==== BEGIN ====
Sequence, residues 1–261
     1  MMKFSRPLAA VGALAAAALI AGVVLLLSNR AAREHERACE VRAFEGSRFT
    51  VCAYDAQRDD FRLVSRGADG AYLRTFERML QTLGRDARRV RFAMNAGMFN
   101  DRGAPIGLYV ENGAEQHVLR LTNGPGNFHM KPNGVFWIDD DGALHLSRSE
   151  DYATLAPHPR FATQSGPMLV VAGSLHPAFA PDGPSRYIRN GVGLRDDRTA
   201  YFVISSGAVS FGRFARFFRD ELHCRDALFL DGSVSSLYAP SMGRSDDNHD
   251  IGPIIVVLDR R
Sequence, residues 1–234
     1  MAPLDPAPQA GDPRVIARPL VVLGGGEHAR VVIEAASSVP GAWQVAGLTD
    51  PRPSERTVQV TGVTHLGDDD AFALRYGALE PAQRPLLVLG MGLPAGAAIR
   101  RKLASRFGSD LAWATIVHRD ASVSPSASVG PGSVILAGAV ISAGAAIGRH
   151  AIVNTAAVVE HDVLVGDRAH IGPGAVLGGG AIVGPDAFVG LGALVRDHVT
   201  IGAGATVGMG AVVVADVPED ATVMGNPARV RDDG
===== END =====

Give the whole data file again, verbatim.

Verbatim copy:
Sequence, residues 1–261
     1  MMKFSRPLAA VGALAAAALI AGVVLLLSNR AAREHERACE VRAFEGSRFT
    51  VCAYDAQRDD FRLVSRGADG AYLRTFERML QTLGRDARRV RFAMNAGMFN
   101  DRGAPIGLYV ENGAEQHVLR LTNGPGNFHM KPNGVFWIDD DGALHLSRSE
   151  DYATLAPHPR FATQSGPMLV VAGSLHPAFA PDGPSRYIRN GVGLRDDRTA
   201  YFVISSGAVS FGRFARFFRD ELHCRDALFL DGSVSSLYAP SMGRSDDNHD
   251  IGPIIVVLDR R
Sequence, residues 1–234
     1  MAPLDPAPQA GDPRVIARPL VVLGGGEHAR VVIEAASSVP GAWQVAGLTD
    51  PRPSERTVQV TGVTHLGDDD AFALRYGALE PAQRPLLVLG MGLPAGAAIR
   101  RKLASRFGSD LAWATIVHRD ASVSPSASVG PGSVILAGAV ISAGAAIGRH
   151  AIVNTAAVVE HDVLVGDRAH IGPGAVLGGG AIVGPDAFVG LGALVRDHVT
   201  IGAGATVGMG AVVVADVPED ATVMGNPARV RDDG